So you are going for a cute vintage aesthetic in your home life, and you are living in your very own little house on the prairie fantasy. Even going as far as making your own butter and cheese. However, the water system in your little quaint abode is, shall we say, not as cute as the aesthetic. It is possible to have the vintage home experience coupled with a touch of modern plumbing, here is how to increase water pressure in your home.

Understanding Water Pressure in Older Homes

You see, the plumbing of the good old days was great (at the time), but it was not built with the same materials and may not have the same level of water pressure one would find in modern times.

The Charm and Challenges of Vintage Plumbing

Victorian-era homes have a lot of personality. Between ornate fixtures, unique nooks and crannies, and other characteristics that set them apart from modern builds, there certainly is an unparalleled charm to a home built more than 100 years ago. But all that charm can also detract from the home’s overall value, especially when it comes to the plumbing system. Out-of-date pipes and fixtures are prone to mineral buildup, corrosion, and other conditions, all of which can seriously impact a home’s water pressure.

Common Culprits of Low Water Pressure

There are a lot of potential causes of low water pressure in the vintage home. Pull of sediment inside of pipes, consequently closing them off imploring an amount of water to trick over the years. By the same principle, corroded pipes can leak imperfect water into the home.

Why Water Pressure Matters in Daily Life

Water pressure helps make our daily rituals convenient. Whether showering, washing dishes, or doing laundry, water needs to flow at a good rate so we aren’t waiting too long or have to deal with the frustration and inconvenience of inefficient cleaning. If water pressure is low, it could be a sign of troubling water pressure issues that need to be addressed.

DIY Diagnostics and Quick Fixes

Fortunately, most causes of low water pressure are easy to fix. You can troubleshoot and (in some cases) make the necessary adjustments on your own.

Check for Leaks and Clogs

Before you start down an expensive road with the solutions mentioned in the previous section, it’s best to exhaust the simple DIY approaches to fix water pressure. Sometimes, fixing a faucet or cleaning down a showerhead is the only thing preventing your water pressure from returning to normal.

Inspect and Clean Aerators

One of the quickest and easiest ways to fix a lack of water pressure is to take the aerators off of faucets. A small mesh screen, they are on the end of faucets, and you can easily screw them off and then clean them by soaking them in vinegar. Obstructions should quickly dissolve, making this a very easy (and money-saving) solution to quickly fix a top-pressure issue.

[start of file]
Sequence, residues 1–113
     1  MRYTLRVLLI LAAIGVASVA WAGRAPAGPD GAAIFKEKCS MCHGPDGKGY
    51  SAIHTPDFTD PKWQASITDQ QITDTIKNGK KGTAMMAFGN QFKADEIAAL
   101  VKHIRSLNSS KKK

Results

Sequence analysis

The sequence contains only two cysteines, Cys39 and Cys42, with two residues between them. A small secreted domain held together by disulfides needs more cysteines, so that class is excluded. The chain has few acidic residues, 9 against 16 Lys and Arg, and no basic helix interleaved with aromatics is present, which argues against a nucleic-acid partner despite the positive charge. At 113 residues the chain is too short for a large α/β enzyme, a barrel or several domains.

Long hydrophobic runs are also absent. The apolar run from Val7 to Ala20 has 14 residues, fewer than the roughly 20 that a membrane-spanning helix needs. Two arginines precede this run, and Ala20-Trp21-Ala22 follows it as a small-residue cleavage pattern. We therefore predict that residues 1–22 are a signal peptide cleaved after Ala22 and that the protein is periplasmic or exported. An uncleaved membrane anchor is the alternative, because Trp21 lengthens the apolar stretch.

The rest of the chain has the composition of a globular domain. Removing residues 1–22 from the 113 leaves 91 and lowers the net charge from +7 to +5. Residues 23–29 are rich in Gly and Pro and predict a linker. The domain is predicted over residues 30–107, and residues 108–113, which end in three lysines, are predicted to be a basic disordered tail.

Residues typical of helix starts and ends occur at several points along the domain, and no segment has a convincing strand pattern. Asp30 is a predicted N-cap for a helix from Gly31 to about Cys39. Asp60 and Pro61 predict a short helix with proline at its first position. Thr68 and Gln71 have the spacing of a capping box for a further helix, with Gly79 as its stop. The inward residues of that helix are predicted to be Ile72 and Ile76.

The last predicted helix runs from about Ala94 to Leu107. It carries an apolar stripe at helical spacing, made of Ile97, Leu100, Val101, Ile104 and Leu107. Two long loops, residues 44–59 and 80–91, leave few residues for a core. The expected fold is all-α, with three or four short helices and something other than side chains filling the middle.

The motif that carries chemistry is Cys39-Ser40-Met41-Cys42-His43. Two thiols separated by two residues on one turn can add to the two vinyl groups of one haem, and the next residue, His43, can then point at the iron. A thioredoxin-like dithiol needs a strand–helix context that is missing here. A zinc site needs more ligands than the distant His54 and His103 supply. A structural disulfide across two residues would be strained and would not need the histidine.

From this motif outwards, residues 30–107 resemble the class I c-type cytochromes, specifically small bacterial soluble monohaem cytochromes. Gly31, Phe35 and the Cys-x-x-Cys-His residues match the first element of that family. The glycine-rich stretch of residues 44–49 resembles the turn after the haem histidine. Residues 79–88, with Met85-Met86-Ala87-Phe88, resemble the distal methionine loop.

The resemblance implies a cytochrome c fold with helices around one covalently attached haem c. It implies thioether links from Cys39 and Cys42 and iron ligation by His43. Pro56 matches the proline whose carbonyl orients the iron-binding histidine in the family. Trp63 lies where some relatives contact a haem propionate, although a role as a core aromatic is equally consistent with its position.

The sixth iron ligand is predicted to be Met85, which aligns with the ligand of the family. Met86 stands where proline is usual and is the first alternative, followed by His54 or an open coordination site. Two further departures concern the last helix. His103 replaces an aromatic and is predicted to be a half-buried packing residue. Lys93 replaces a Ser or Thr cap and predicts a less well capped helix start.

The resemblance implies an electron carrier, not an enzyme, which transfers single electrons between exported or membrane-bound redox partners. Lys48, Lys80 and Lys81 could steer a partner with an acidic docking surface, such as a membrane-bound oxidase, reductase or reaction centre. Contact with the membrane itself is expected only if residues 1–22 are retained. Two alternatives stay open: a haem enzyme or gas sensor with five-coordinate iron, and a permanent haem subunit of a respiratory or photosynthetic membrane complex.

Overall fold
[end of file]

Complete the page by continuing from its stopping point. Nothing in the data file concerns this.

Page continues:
Adjust Your Pressure Regulator (If Applicable)

In some cases, your vintage home might have an adjustable pressure regulator, which can also help you quickly solve your water pressure issue. Typically located near the main water line, you can adjust the regulator to quickly install the right pressure to meet your home’s needs.

Upgrading for a Modern Flow

In most cases, the best solution seems to be upgrading the plumbing system. Modern technology can often fulfill your needs.

Replace Old Pipes and Fixtures

If you live in an older home and are struggling with water pressure, be prepared to invest in some upgrades to solve the problem. By installing copper, PEX, or another modern pipe material, you can typically realize substantial improvements in water flow. The same goes for upgrading new water lines and other components.

Install a Water Pressure Booster Pump

This next one is for homes that have a constant struggle with water issues. Your solution? The perfect booster pump. These pumps take the pressure up a notch, making sure water is delivered with lots of power. While the initial cost of one of these devices can be pricey, these pumps optimize the way water moves through pipes, providing a consistent stream of water whenever it’s needed. 

Consider a Whole-House Water Filtration System

Whole house water filter systems can help improve water pressure and extend the life of your appliances. By removing particles and scale buildup that can lead to clogged pipes and fixtures, these systems can help water flow more freely and prevent as much excess strain on your plumbing.

Boosting the water pressure in an older home not only improves your daily life but also protects your investment in a historic house. With a few of the tricks and fixes mentioned here, you can have the best of both worlds: the elegance and practicality of an antique home and decent water pressure.